The Cabot Trail, in Nova Scotia, is one of the most famous drives in Canada. The 300km road takes you along the coast of Cape Breton, offering unrivalled panoramic views and outdoor adventures.

Make the most of a small autumn window (late September to early October) to experience the Yukon’s go-to 740km road trip along the Dempster Highway. It’s an unforgettable off-the-beaten-track jaunt, embracing dramatic tundra landscapes, mountain ranges and abundant wildlife.

Autumn Prince Edward Island

Journey by rail

Rail trips in Canada are up there with the world’s best.

The glass roofs of the luxurious Rocky Mountaineer provide a panoramic view of the Rocky Mountains. There are four routes to choose from. The award-winning First Passage to the West option links Vancouver and Banff.

The Ocean, operated by VIA Rail, is an overnight sleeper dating back to 1904. Journeying from Halifax to Montreal, the train passes through small communities with a diversity of French Canadian, Acadian, Celtic, and English heritage.

Agawa Canyon Train credit Destination Ontario

Take the Great White North, a two-day/two night sleeper, from Winnipeg to Churchill, and be mesmerised by 1,697 kilometres of magnificent landscape. Time your trip for late autumn and enjoy polar bear sightings – along with wolves, Arctic hares, beautiful birdlife, and Arctic foxes.

Board the Train de Charlevoix from Quebec City to La Malbaie, taking in several coastal towns and villages along the northern banks of the St. Lawrence River. Choose a round-trip journey, spending a few hours at Baie-Saint-Paul or La Malbaie, or split the journey over two or more days. The backdrop is one of rocky cliffs, ocean, pristine forest, hazy-purple skies, and soaring herons. The season runs from June to October, when you get to see Quebec in its autumn glory.

A rendezvous with the Northern Ontario wilderness starts at the newly built station in Sault Ste. Marie’s historic Canal District, aboard the Agawa Canyon Train Tour. From mid-September, the hardwood forests of Algoma Country erupt in a sea of red and orange. Autumn is the prime time to see the Agawa Canyon, renovated by nature many times, and the cascades of Black Beaver and Bridal Veil Falls.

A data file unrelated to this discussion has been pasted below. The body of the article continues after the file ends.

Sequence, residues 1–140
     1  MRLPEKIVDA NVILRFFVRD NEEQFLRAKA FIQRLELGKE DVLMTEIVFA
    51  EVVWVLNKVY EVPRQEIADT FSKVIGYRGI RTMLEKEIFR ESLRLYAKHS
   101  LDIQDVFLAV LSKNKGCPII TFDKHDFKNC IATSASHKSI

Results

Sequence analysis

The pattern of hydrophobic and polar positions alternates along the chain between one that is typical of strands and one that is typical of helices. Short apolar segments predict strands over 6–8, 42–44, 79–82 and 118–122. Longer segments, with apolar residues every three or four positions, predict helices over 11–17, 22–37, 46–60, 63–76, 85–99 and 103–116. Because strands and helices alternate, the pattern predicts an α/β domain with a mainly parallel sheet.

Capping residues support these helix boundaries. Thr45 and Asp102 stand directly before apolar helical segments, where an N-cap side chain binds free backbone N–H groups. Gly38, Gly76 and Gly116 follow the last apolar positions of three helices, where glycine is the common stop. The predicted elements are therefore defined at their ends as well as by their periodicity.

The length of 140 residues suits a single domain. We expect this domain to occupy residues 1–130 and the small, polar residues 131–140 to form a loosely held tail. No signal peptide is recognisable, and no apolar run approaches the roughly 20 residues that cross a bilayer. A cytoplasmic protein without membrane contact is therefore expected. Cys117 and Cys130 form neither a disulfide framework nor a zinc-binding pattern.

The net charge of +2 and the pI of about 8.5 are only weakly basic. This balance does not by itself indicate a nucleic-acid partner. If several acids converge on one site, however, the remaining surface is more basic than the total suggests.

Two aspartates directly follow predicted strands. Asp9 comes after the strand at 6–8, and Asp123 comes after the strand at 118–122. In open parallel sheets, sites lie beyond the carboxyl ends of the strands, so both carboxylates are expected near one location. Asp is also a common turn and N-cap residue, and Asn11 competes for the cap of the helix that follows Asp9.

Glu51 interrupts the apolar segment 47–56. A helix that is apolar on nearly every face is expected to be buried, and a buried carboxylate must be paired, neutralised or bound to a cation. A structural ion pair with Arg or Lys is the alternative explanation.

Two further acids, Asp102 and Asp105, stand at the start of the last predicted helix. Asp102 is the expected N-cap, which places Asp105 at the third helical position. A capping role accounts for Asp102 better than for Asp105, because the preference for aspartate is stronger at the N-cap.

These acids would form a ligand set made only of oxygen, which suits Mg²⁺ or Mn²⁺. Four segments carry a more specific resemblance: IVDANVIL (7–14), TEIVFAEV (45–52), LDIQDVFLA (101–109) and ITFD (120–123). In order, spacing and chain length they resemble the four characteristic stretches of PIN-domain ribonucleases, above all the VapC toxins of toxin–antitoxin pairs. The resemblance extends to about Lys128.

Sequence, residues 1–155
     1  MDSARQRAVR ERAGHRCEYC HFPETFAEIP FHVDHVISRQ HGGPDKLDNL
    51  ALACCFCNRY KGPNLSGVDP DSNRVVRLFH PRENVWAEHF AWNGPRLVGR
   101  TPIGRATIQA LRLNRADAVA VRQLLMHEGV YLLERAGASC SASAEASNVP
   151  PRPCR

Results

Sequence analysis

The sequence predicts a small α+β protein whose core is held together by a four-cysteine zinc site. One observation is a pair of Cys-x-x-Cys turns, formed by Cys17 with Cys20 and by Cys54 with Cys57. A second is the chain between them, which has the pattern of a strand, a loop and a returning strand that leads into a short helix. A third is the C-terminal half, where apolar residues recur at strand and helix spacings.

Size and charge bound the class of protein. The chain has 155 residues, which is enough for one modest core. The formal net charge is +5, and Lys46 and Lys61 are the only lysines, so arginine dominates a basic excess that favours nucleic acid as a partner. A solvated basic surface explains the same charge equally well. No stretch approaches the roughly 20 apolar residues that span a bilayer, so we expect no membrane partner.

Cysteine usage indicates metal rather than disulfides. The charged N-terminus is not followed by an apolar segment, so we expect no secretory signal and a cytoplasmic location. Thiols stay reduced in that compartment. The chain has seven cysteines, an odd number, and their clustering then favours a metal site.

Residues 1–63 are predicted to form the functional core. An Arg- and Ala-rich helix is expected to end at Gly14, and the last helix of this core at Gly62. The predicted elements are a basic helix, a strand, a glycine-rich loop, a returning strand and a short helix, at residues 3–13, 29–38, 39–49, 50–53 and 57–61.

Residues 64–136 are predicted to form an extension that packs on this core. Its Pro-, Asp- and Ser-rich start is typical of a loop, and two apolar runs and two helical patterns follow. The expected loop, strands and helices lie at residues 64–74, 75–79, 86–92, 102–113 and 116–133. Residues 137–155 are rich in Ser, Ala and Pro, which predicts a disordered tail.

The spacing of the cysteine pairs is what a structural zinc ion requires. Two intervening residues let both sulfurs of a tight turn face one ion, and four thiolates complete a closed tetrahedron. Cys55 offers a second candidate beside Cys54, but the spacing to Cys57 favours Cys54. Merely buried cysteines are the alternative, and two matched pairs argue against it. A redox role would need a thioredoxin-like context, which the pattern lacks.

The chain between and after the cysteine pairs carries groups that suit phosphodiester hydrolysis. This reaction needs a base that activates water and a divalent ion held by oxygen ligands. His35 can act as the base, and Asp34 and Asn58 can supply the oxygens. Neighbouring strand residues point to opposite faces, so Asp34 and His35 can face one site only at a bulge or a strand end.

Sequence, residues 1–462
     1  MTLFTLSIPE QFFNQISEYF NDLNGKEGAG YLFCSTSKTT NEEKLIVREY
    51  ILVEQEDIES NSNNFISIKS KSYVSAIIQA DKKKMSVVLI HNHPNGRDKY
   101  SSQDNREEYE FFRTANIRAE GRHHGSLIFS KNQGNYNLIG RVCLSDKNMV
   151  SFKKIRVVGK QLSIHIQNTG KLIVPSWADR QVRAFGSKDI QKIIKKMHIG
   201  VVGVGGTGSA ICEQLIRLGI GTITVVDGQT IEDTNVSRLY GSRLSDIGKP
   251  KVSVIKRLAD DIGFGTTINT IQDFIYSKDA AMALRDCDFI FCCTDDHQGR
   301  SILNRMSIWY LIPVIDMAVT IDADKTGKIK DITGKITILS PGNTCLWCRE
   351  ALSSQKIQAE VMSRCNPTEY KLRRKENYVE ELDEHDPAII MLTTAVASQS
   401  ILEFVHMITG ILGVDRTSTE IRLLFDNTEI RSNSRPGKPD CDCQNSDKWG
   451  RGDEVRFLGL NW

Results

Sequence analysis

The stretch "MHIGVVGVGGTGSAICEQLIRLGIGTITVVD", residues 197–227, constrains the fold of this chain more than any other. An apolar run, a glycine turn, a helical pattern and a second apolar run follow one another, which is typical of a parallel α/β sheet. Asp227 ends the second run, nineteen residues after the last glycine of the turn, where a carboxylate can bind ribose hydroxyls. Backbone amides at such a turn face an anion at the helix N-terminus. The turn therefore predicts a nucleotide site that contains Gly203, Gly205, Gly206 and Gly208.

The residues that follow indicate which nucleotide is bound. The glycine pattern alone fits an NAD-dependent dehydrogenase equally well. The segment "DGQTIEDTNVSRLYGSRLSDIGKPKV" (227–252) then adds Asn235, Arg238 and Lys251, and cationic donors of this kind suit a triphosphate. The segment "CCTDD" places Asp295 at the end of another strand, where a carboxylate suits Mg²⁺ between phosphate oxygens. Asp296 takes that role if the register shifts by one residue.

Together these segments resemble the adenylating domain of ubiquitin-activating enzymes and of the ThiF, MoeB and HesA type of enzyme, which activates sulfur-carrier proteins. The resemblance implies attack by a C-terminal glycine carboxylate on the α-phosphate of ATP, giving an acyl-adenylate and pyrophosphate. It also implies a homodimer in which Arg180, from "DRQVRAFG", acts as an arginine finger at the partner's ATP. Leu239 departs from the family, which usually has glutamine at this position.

Pyramid Mountain in Jasper

Along the way

Rail and road, and then some! Explore Canada in autumn by canoe, mountain bike, on horseback, or on foot. Newfoundland and Labrador’s 300 hiking and walking trails include the East Coast Trail where you can catch the first sunrise of North America or a geyser powered by the powerful Atlantic waves.

There are 46 national parks to entice autumn travellers. In the Fundy National Park in New Brunswick (host to a special Thanksgiving weekend and the Fundy Pumpkin Festival) see the world’s highest tides.

Northern Lights in the Yukon credit Hynes M

Visit Jasper National Park in Alberta, home to an impressive bear population, unique geological features, awesome wildlife and dancing waterfalls. One of the world’s largest dark sky preserves, the region is also known for its stargazing.

Ontario’s Thousand Islands National Park lays claim to some of the most stunning autumn scenery as does Quebec’s Mingan Archipelago National Park Reserve whose unofficial mascot is the very cute puffin.

Being in Canada in autumn is like being on the set of a Disney movie: chipmunks gather their winter supplies, young northern gannets leap off cliffs, prairie rattlesnakes give birth, arctic foxes don their whitest coat, and deer look for love. Get with the program!

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Northern Lights dance over Whitehorse, Yukon credit Robin Stuedel
Northern Lights dance over Whitehorse, Yukon credit Robin Stuedel
Nightsky in Jasper credit JackFusco
Nightsky in Jasper credit Jack Fusco